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WEB 2.


Web 2.0, a phrase coined by O'Reilly Media in 2004, refers to a perceived second
generation of Web-based services—such as social networking sites, wikis,
communication tools, and folksonomies(tagging) - that emphasize online collaboration
and sharing among users. O'Reilly Media used the phrase as a title for a series of
conferences, and it has since become widely adopted.

Though the term suggests a new version of the Web, it does not refer to an update to
Internet or World Wide Web technical standards, but to changes in the ways those
standards are used. According to Tim O'Reilly "Web 2.0 is the business revolution in the
computer industry caused by the move to the internet as platform, and an attempt to
understand the rules for success on that new platform."


"Web 2.0 is the network as platform, spanning all connected devices; Web 2.0 applications
are those that make the most of the intrinsic advantages of that platform: delivering
software as a continually-updated service that gets better the more people use it,
consuming and remixing data from multiple sources, including individual users, while
providing their own data and services in a form that allows remixing by others, creating
network effects through an "architecture of participation," and going beyond the page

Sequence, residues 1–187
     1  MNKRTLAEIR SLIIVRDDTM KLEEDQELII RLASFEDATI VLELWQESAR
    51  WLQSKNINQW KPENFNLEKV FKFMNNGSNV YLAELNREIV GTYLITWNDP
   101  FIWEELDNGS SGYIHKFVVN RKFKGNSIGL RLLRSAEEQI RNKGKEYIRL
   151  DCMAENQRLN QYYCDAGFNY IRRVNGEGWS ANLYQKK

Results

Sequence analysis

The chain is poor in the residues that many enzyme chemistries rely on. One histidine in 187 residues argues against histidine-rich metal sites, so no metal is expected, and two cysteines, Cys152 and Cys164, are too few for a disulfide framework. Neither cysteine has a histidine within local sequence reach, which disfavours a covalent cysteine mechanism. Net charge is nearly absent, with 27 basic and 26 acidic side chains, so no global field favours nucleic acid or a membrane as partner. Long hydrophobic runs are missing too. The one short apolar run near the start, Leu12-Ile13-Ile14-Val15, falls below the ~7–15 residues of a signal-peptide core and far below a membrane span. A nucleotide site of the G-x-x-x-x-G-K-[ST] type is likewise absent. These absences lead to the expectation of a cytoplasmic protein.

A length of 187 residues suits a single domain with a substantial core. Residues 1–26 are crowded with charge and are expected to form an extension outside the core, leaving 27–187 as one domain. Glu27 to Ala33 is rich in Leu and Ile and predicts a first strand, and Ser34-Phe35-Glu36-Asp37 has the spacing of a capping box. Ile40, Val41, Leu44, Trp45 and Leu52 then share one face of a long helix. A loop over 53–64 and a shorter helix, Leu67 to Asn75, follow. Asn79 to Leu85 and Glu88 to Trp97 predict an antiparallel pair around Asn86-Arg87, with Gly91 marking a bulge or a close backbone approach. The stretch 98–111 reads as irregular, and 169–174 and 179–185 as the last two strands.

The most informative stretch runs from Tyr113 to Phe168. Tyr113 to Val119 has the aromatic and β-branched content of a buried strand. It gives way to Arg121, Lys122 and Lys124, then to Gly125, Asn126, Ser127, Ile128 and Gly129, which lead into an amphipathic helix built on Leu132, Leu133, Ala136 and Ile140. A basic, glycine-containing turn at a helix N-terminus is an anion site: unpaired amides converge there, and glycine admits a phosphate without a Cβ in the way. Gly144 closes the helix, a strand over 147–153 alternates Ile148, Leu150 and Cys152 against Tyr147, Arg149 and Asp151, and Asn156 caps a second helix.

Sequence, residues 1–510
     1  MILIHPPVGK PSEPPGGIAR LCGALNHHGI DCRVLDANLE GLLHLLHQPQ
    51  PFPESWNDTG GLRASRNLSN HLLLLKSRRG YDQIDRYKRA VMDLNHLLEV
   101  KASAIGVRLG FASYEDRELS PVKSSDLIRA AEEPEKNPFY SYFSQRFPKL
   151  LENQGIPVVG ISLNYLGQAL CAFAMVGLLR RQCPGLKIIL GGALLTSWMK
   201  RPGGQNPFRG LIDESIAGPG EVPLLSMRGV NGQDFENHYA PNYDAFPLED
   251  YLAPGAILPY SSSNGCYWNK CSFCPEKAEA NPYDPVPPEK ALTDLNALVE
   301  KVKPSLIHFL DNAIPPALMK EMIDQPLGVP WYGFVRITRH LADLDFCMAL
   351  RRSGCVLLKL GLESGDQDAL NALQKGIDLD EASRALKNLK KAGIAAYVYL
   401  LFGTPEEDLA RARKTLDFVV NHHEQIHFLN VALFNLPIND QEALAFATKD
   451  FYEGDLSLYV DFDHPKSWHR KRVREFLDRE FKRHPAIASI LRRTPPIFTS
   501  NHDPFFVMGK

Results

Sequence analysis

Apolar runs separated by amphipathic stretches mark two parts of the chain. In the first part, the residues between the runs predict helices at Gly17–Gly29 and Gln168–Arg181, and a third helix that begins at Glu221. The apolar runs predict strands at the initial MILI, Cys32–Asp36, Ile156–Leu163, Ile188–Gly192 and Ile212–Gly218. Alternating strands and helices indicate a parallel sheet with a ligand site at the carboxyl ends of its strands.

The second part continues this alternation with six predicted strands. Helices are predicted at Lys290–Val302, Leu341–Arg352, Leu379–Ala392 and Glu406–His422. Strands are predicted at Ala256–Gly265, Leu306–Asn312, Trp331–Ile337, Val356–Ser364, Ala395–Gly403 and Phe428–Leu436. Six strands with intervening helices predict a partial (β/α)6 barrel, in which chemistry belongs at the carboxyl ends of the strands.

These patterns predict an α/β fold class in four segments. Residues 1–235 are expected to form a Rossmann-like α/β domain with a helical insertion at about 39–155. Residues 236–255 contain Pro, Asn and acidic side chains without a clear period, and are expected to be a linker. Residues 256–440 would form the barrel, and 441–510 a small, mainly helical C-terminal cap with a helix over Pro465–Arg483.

metaphor of Web 1.0 to deliver rich user experiences."

Here are a few popular examples of transformation of Web 1.0 based sites to Web 2.0 based

Web 1.0 Web 2.0
DoubleClick Google AdSense
Ofoto Flickr
Akamai BitTorrent Napster
Britannica Online Wikipedia
personal websites blogging
evite and
domain name search engine
speculation optimization
page views cost per click
screen scraping web services
publishing participation
content management wikis
directories (taxonomy) tagging ("folksonomy")
stickiness syndication


The significant principles of Web 2.0 are:

• The web as a platform.
• Data as the driving force.
• Network effects created by an architecture of participation.
• Innovation in assembly of systems and sites composed by pulling together
features from distributed, independent developers (a kind of "open source"
• Lightweight business models enabled by content and service syndication.
• The end of the software adoption cycle ("the perpetual beta").
• Easy to pick up by early adopters.

Some of the basic characteristics exhibited by a web 2.0 website are:

• "Network as platform" — delivering (and allowing users to use) applications entirely
through a browser.
• Users owning the data on the site and exercising control over that data.
• An architecture of participation and democracy that encourages users to add
value to the application as they use it. This stands in sharp contrast to hierarchical
access control in applications, in which systems categorize users into roles with
varying levels of functionality.
• A rich, interactive, user-friendly interface based on Ajax or similar frameworks.
• Some social-networking aspects.
• A public good. "Public goods" characteristically have jointness of supply and are